You gotta know where “one” is.
The opinions expressed are mine only. These opinions do not necessarily reflect anybody else’s opinions. I do not own, operate, manage, or represent any band, venue, or company that I talk about, unless explicitly noted.
The “big boss” at my regular gig is a drummer. He loves the “technical” end of playing the instrument – all the subtle and not subtle things that percussion can do to drive a song. We once had a conversation regarding “strange” grooves and weird time-signatures, and he related to me a tiny piece of advice that had revolutionized his thinking:
“You just gotta know where ‘one’ is.”
In his drumming context, even the most bizarre phrasing could be managed and worked into a tune, just as long as the drummer maintained an awareness of when everything was supposed to resolve, sync up, and start over. If the player knew when one musical pattern was about to give way to another, there was very little chance of getting lost or confused. The tune might get very complex and off-center, but there would always be a moment when everything “locked up” again and anchored the music.
So, what does this have to do with people who build and drive light shows?
Timely Event Acknowledgement
If you’ve ever seen a show where the lighting had nothing at all to do with the music, you probably didn’t enjoy it very much. Lights flashing at random, with chases just randomly switching up haphazardly aren’t much of a show. It gets into the realm of visual noise – information entering the eye that’s disorganized and hard to pattern-match. If it’s bad enough, the light “show” never ends up correlating with the music at all, and is internally random enough that the brain just ignores it.
On the other hand, light shows that acknowledge musical events, and acknowledge those events at the right time, are tremendously fun and bring the entire experience up to a new artistic height.
The key to that is timing, and the key to timing is understanding a little bit about how music is constructed.
A Turn Of Phrase
Most of the music that you’re likely to run into is built using “phrases.” Phrases are often discernible as repeated patterns or modified patterns of musical events, although more complex music has phrasing which isn’t always based on readily identifiable repetition. In music that most people find to be “easy to listen to,” phrase boundaries occur at very specific and predictable points in time: The beginnings and ends of measures or “bars.” Each bar is subdivided into a number of beats, which are a sort of internal, logical synchronization for musical events inside each bar.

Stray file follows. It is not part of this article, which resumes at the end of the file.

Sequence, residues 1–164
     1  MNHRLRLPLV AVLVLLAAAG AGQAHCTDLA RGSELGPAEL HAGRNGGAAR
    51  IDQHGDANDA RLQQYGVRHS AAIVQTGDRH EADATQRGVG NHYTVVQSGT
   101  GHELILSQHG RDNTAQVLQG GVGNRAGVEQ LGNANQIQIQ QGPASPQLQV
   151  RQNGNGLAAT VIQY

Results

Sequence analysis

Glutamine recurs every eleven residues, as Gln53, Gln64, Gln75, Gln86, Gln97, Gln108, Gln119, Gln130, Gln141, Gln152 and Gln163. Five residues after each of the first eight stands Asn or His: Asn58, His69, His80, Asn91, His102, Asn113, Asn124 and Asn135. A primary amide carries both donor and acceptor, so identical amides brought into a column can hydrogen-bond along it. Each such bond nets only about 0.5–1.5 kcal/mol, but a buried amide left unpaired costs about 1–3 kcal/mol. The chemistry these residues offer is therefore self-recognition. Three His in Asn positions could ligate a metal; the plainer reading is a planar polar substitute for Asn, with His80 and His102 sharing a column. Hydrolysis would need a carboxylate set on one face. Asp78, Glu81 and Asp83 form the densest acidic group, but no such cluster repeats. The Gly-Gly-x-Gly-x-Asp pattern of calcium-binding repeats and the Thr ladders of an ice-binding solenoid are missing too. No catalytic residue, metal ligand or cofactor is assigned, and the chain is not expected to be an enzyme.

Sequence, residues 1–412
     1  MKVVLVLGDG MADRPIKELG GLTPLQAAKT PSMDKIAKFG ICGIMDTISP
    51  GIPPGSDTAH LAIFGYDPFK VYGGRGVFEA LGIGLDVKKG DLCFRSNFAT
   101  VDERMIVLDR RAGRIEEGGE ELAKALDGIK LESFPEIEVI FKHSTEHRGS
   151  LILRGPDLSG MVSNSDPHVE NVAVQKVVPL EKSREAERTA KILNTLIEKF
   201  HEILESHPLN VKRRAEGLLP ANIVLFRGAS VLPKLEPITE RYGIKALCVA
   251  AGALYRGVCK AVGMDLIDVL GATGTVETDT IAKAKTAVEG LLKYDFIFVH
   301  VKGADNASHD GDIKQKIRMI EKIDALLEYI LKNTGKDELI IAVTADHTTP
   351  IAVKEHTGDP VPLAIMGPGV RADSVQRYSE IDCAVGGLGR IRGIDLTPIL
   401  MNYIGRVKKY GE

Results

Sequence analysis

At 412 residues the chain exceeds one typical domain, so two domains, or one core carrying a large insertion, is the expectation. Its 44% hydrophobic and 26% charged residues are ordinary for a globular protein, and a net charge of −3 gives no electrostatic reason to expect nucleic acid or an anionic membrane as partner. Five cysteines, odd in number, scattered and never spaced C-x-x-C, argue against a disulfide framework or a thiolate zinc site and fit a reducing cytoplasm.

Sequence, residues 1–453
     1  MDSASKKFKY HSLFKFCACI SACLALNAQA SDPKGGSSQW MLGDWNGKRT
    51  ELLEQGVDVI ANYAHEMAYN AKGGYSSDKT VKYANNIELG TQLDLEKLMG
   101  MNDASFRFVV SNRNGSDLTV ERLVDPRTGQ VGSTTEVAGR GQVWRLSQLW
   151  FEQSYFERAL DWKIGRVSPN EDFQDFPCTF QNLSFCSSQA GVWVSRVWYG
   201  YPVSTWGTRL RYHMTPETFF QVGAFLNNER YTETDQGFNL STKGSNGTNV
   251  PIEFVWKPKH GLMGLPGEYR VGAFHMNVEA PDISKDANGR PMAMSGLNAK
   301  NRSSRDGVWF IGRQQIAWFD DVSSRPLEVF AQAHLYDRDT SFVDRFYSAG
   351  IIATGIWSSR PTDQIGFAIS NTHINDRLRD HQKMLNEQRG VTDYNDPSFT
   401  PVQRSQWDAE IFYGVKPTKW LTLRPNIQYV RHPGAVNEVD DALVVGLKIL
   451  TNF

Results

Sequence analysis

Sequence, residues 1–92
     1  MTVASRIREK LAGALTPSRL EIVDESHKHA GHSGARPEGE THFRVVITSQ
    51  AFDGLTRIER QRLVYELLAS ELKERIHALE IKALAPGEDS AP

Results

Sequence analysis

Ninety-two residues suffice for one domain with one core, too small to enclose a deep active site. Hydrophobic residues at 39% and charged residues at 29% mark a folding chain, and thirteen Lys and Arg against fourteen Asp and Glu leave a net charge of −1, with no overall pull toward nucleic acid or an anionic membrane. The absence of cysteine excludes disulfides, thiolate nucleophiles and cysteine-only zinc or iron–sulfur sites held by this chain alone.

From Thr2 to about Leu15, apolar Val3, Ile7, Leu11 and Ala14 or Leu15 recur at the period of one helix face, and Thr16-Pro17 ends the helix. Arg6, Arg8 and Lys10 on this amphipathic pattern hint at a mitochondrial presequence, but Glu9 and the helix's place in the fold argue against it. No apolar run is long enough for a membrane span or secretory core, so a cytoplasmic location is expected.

If all of this sounds confusing, you don’t need to worry. You probably already have a workable grasp of all this in an intuitive sense. For instance, if I describe some bog-standard techno music as going “thud, thud, thud, thud,” and you can imagine bobbing your head in sync with each “thud,” then you know what beats are. In this particular case, each “thud” is a beat. There are multiple thuds per bar, and within each bar is enough space for at least one musical phrase. You might have a very fast phrase between the first beat and the second, or a longer phrase that takes up half the bar, or an even longer phrase that takes up the whole bar…or a much, much longer musical idea that develops over several bars before coming to a logical conclusion.
For a slightly more involved example, take a listen to this short excerpt of The Floyd Show playing the bridge bridge from “Pigs: Three Different Ones.”
I don’t know how Pink Floyd formally represents the music, but what I hear are two bars of four beats each. (Musical timing using four beats per measure is so ubiquitous that it’s even called “common time,” but be aware that all kinds of other timing schemes exist. You might hear music built around three, six, seven, or even other numbers of beats per bar.)
The drums play a repeating pattern that cycles every two beats. The “major” kick hits are on beats one and three. The snare hits are on two and four.
The lead guitar plays non repeating phrases. The first phrase is a higher note with vibrato, that lasts through the first bar. The second phrases is a lower note that lasts through the second bar.
The rhythm guitar plays a repeating phrase, itself constructed of repeating sub-phrases, with each complete phrase cycling once per measure.
The bass plays four phrases of increasing complexity. Each phrase lasts the better part of two beats, with “pickup notes” especially audible before the bulk of the last phrase. (You might say that pickup notes are like taking an audible breath before speaking.)